Job Hoppers – To Hire or Not to Hire?

Job Hoppers - To Hire or Not to Hire?Remember the days when it was normal for someone to work for the same company for 10 or more years?  Those days seem to be a fad of the past.  Now, it can quite often be difficult to find someone who has held a job for longer than 1 or 2 years.

In the past, we would pass over the job hoppers due to risk and the fact that we were able to find other candidates with the skills and solid work history we desired.  Things have changed and many hiring managers are wondering if they should be more open to hiring job hoppers in today’s talent shortage.

Deciding to hire a job hopper is something you must do based on the individual candidate and your instincts.  However, when interviewing a job hopper, there are several things that you must consider.

What is the job?

Believe it or not, many of today’s job hoppers are changing jobs frequently because they simply become bored.  These job hoppers quite often produce excellent results and have outstanding employee reviews, but they just grow tired of doing the same job day after day, feeling a lack of challenge and meaning to their work.

When considering a job hopper for your position, ask yourself some questions about the position you need to fill.

Is it a position that will allow the employee to wear many different hats, continuously learning new tasks? 

Will the employee have a work day of variety by doing different jobs throughout the day? 

Is the work challenging?

If your job hopper is changing jobs simply due to boredom and lack of challenge, these are all serious items to consider.

R.O.I.

Take a look at your job hopper’s pattern.  How often is the job hopper changing jobs – every 6 months, every year, every 2 years?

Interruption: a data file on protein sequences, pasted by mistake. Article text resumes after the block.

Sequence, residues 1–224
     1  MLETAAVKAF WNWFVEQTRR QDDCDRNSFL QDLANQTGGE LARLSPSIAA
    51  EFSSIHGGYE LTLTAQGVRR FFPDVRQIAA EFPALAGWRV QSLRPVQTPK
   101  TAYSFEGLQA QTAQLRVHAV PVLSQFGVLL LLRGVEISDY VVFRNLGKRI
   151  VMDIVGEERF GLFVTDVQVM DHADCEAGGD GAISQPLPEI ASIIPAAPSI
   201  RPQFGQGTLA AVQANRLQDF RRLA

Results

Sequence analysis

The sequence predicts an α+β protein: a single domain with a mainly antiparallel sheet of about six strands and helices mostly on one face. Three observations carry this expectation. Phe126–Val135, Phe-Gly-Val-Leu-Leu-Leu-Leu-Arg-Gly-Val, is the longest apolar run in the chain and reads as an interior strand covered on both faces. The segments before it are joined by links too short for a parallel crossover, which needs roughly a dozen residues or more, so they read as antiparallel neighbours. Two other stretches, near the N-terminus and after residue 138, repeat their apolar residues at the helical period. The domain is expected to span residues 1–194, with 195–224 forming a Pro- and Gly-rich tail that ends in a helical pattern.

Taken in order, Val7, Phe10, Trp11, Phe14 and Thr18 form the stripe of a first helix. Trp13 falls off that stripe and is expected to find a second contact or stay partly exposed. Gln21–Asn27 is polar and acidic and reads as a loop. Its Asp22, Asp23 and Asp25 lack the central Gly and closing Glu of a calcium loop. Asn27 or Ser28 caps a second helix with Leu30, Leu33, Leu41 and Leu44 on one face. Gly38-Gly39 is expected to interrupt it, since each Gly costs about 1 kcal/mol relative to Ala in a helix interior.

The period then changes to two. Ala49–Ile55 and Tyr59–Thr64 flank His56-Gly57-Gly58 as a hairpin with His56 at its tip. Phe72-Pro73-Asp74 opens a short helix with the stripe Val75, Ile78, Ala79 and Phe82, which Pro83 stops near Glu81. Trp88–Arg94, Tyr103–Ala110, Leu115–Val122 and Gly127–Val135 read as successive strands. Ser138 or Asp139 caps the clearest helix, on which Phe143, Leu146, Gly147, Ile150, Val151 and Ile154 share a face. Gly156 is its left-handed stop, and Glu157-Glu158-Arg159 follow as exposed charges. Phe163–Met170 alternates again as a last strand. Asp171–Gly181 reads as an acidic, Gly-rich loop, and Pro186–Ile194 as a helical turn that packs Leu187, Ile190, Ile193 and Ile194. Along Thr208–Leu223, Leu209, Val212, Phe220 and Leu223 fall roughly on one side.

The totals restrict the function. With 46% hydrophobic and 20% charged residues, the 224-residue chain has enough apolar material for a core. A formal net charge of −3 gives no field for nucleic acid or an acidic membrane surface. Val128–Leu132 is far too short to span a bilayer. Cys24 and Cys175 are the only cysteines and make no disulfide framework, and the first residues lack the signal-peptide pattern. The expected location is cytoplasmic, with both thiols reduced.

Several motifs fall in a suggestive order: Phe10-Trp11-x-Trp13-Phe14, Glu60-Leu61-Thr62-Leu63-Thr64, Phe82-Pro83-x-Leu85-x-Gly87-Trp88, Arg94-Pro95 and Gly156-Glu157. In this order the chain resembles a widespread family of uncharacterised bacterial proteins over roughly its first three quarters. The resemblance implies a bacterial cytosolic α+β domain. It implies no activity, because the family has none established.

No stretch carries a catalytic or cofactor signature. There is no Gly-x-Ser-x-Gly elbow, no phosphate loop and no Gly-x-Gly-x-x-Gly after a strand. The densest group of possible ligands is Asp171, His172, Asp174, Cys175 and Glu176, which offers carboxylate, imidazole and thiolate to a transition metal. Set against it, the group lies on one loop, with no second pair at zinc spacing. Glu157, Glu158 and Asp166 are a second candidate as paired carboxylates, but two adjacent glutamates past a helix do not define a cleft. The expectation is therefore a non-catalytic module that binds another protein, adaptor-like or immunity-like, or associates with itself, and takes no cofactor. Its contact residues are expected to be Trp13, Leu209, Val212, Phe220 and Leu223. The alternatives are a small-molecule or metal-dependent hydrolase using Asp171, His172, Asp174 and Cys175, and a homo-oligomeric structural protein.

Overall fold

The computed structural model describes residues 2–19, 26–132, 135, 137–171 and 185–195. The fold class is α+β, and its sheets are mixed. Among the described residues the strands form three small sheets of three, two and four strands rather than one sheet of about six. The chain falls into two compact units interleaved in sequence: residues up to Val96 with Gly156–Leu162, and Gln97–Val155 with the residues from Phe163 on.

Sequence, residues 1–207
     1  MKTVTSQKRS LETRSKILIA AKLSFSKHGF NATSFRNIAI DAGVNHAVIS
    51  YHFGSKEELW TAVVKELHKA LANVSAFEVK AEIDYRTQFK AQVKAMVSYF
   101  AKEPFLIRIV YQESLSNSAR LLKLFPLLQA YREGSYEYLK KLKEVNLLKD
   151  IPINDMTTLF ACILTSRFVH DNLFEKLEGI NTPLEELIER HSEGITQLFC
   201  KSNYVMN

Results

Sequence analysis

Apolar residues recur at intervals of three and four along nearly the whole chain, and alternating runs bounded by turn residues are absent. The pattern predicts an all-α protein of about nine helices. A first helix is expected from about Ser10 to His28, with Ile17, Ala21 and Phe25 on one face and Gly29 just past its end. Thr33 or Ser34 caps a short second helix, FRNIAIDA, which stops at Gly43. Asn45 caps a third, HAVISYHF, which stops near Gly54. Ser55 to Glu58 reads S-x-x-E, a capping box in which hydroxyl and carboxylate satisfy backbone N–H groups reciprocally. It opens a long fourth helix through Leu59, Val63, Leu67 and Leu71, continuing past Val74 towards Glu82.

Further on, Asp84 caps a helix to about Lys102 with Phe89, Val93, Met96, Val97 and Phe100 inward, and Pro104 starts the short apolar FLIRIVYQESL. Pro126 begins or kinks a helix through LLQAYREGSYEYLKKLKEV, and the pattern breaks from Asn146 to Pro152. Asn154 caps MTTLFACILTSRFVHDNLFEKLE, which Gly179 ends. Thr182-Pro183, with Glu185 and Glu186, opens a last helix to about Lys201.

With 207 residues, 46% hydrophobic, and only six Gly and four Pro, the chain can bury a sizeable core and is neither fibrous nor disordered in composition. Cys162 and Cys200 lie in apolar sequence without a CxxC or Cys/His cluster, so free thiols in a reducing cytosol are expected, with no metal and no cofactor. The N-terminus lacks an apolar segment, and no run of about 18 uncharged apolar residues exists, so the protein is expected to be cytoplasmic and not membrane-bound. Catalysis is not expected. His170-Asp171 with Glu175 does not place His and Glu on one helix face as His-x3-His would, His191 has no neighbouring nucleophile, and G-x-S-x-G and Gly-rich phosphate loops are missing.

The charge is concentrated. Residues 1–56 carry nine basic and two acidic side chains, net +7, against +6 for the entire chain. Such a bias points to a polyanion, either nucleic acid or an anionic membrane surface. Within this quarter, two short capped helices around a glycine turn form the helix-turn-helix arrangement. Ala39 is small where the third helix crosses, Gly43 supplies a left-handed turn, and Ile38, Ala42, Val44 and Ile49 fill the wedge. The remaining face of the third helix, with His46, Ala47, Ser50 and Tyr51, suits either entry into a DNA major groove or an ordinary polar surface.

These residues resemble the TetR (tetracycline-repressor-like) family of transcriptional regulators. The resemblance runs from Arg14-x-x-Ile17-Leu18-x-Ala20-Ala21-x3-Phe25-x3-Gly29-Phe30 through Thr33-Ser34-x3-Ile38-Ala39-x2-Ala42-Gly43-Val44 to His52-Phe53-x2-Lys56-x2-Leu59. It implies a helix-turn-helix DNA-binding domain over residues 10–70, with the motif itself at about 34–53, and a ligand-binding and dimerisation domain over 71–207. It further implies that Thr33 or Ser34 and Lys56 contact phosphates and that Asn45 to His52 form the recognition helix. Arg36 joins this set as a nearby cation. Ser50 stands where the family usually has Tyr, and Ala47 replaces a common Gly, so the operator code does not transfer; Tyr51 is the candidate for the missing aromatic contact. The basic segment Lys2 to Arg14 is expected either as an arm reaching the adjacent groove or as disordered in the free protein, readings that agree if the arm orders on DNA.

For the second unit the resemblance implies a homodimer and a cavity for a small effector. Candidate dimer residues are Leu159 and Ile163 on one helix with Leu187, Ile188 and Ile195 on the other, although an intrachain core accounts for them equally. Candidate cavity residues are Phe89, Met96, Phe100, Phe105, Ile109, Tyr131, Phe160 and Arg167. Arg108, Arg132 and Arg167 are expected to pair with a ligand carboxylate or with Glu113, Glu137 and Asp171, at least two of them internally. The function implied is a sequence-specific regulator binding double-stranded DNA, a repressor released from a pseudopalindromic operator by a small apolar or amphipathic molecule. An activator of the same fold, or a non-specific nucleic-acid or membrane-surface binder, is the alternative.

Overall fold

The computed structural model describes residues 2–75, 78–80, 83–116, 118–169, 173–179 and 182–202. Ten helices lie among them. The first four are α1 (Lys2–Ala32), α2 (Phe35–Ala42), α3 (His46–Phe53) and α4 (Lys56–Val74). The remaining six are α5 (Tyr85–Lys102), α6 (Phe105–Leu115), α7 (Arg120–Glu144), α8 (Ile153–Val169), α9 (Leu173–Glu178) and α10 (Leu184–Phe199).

If you are thinking about hiring a job hopper, you must prepare for the worst, while expecting the best.  Obviously, you would not hire a new employee if you had bad expectations, but if the employee has a history of leaving jobs frequently, it is better for you to be prepared for this and understand that it may happen to you.

Think about your R.O.I. or return on investment.

How long will it take you to train the new employee and what resources will you be pulling together in order to do so? 

How long will that employee need to stay with your company in order to justify the training and resources provided upon hire?

Why?

The most important question you can ask a job hopper is “why?”  Find out why the job hopper left each job.

Did they leave for more money, better benefits, boredom, lack of challenge, relocating?  Find out as much as you can from the job hopper, then follow up with references in order to confirm.

The most important thing you are trying to do here is to ensure that there are no underlying issues with the job hopper’s work performance.

Have you hired job hoppers before?  What has your experience been?  Please share in the comments below.

Image: monkeybusinessimages/BigStock.com